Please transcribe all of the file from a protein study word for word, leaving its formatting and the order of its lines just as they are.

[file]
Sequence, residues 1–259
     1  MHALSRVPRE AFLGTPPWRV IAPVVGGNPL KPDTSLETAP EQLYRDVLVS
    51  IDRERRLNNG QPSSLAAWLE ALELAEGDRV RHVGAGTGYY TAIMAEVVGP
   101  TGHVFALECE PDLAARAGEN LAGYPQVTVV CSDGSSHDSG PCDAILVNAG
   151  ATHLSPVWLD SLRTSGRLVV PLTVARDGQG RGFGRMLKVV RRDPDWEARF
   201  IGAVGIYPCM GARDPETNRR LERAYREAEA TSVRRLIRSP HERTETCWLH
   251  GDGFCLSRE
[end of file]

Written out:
Sequence, residues 1–259
     1  MHALSRVPRE AFLGTPPWRV IAPVVGGNPL KPDTSLETAP EQLYRDVLVS
    51  IDRERRLNNG QPSSLAAWLE ALELAEGDRV RHVGAGTGYY TAIMAEVVGP
   101  TGHVFALECE PDLAARAGEN LAGYPQVTVV CSDGSSHDSG PCDAILVNAG
   151  ATHLSPVWLD SLRTSGRLVV PLTVARDGQG RGFGRMLKVV RRDPDWEARF
   201  IGAVGIYPCM GARDPETNRR LERAYREAEA TSVRRLIRSP HERTETCWLH
   251  GDGFCLSRE